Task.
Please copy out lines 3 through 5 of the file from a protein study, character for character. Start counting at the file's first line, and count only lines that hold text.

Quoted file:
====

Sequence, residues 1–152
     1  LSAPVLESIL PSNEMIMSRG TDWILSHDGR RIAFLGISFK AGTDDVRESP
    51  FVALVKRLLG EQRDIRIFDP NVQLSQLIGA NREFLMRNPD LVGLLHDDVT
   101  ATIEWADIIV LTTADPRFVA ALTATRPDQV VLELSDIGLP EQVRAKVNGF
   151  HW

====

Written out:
    51  FVALVKRLLG EQRDIRIFDP NVQLSQLIGA NREFLMRNPD LVGLLHDDVT
   101  ATIEWADIIV LTTADPRFVA ALTATRPDQV VLELSDIGLP EQVRAKVNGF
   151  HW